11 July 2024

It has taken 18 years for Thailand and the EU to sign the Thailand-EU Comprehensive Partnership and Cooperation Agreement (PCA). The reason it has taken so long has been the EU’s lack of consistency and erratic response to Thailand’s domestic situation. Thailand is an imperfect country. Obviously, the country’s political turmoil should not have been used as a single barometer to deter and delay,whatever both sides had on their to-do lists in their bilateral relations. Of late, common sense among the EU policy makershave prevailed, which has led to the current level of momentum.

In retrospect, the EU should have given more credence to Thailand’s continuous efforts to eradicate Illegal, Unreported and Unregulated (IUU) fishing, including issues related to human rights and slavery. Currently, grievances are running high both among trawler owners and fishing tycoons who believe that the Prayut government has been too soft in responding to EU pressure. Thailand wants to follow international standards in all areas and domains, as it looks ahead to a post COVID-19 era.

Apparently, the EU prefers closed and pseudo-democratic societies to open and malfunctioning democratic societies,which have domestically-driven forces, including inputs from civil society organisations. It is a hypocrisy that has deep roots in the organisation in Brussels.

It must be noted that Thailand, as a non-colonised nation in Southeast Asia, was the strongest supporter of the EU when Brussels wanted to become a strategic partner, while other ASEAN members were opposed to such an elevation, due to agricultural disputes with key ASEAN members. During its role as coordinator of ASEAN-EU relations, Thailand pushed for all-round cooperation with the EU, including issuing a joint statement on climate change in 2017, the first between ASEAN and the EU, as well as backing the EU’s desire to become a member of the East Asia Summit.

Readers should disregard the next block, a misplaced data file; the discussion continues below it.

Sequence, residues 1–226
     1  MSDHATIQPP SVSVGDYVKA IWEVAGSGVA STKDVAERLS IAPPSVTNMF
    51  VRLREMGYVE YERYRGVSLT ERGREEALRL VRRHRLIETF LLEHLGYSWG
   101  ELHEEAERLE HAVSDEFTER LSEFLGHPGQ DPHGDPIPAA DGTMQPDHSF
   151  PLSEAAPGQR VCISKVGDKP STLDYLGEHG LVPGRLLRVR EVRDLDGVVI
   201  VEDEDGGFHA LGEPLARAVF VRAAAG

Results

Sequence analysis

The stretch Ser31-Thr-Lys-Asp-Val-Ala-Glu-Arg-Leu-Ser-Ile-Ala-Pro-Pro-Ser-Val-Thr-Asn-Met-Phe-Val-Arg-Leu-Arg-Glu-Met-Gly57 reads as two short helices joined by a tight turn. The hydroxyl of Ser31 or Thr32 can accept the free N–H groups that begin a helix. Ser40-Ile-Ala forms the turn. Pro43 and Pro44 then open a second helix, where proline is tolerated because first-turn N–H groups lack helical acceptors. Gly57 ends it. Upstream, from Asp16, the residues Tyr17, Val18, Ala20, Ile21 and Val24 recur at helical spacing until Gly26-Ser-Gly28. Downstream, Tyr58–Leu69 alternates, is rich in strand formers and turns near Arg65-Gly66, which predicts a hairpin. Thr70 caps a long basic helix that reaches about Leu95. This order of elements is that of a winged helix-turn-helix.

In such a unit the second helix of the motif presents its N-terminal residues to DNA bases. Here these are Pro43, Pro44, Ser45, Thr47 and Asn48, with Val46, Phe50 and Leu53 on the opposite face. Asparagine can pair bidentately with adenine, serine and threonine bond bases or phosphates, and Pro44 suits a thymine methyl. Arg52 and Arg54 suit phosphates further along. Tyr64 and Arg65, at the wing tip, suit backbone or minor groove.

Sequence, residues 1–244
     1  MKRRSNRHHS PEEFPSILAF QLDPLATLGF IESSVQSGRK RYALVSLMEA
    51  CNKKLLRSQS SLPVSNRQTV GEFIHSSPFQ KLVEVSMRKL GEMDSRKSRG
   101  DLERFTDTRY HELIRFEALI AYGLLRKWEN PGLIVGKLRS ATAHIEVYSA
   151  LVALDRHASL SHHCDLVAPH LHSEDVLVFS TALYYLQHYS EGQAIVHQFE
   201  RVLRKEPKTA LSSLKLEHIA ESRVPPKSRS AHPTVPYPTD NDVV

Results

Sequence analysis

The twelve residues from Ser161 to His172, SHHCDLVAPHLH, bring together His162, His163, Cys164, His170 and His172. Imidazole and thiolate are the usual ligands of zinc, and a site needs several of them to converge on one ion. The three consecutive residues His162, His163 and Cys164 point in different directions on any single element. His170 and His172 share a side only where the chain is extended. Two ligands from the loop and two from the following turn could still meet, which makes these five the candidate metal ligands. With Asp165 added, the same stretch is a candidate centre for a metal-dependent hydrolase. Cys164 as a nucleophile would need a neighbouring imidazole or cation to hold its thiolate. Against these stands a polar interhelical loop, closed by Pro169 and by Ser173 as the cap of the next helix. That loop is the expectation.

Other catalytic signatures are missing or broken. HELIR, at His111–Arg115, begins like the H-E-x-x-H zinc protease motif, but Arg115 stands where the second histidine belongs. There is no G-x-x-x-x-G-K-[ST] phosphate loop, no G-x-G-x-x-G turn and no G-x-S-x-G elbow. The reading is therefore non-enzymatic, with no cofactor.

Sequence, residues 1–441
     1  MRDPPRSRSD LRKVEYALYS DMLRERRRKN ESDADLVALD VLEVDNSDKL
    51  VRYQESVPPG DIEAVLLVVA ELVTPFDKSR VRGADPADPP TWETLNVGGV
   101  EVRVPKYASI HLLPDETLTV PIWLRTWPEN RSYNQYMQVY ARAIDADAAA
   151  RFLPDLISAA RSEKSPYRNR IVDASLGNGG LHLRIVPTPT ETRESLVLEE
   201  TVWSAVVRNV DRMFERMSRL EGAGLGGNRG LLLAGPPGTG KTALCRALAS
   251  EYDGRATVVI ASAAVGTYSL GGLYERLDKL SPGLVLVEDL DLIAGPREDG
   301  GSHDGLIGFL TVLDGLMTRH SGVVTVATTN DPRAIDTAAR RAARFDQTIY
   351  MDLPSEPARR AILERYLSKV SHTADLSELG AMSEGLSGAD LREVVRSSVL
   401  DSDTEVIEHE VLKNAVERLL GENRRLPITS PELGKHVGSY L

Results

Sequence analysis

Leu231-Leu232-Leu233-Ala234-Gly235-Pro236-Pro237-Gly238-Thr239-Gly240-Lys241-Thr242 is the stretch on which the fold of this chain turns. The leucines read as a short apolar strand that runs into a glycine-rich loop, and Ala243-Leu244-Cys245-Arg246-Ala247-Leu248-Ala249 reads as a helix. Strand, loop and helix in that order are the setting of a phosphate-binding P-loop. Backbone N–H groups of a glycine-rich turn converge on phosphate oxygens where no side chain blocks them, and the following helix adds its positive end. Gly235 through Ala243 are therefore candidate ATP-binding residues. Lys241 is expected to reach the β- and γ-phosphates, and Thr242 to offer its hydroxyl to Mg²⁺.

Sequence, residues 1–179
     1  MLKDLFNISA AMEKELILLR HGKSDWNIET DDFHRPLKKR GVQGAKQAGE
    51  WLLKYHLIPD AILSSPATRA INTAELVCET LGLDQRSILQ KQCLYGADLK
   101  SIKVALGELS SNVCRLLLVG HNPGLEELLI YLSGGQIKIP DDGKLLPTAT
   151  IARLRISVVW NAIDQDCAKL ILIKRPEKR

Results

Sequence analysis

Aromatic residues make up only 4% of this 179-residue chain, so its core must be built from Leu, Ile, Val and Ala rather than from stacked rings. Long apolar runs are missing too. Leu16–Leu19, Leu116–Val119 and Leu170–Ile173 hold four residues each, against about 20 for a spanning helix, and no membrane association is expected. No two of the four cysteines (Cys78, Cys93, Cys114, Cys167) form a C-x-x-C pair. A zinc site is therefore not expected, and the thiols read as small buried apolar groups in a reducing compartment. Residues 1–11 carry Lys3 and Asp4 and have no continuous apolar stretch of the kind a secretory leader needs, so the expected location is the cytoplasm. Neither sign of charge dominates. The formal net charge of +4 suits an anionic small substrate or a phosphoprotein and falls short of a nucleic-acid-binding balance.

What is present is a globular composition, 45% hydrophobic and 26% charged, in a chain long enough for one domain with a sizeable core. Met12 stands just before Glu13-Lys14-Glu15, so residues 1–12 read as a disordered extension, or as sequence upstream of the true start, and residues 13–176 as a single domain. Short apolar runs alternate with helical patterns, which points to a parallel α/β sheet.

Of late, Thailand has also supported the Strategy for Cooperation in the Indo-Pacific, which shares commonalities with the ASEAN Outlook on the Indo-Pacific. Thailand also responded positively to a leading member of the EU, France, to attend the recent APEC 2022. France was the first EU country to interact with Thailand after the EU ended its boycott in December 2017.

The PCA represented a great leap forward in the 44-year-long Thailand-EU diplomatic ties, which began when the first European Community mission in Southeast Asia was established in Bangkok in 1978. At the time, the ties were excellent, with better awareness and understanding among the EEC staffers of the local conditions. For quite some time, Thailand’s narratives and optics within the EU have been lop-sided, unlike those of yesteryears. It is hoped that the PCA will remind the EU of so many significant things that could have been achieved over the 18 Rip Van Winkle-like years.

According to the Ministry of Foreign Affairs, the PCA strengthens cooperation in political, economic, social and environmental matters, including capacity-building and the exchange of experts. The agreement also enables each side to learn best practices, especially initiatives related to health and the Bio-Circular-Green economy model.

It is hoped that the PCA will accelerate the conclusion of Thai-EU Free Trade Agreement (FTA) negotiations in the near future. Otherwise, it could be another opportunity lost – once bitten twice shy.

Kavi Chongkittavorn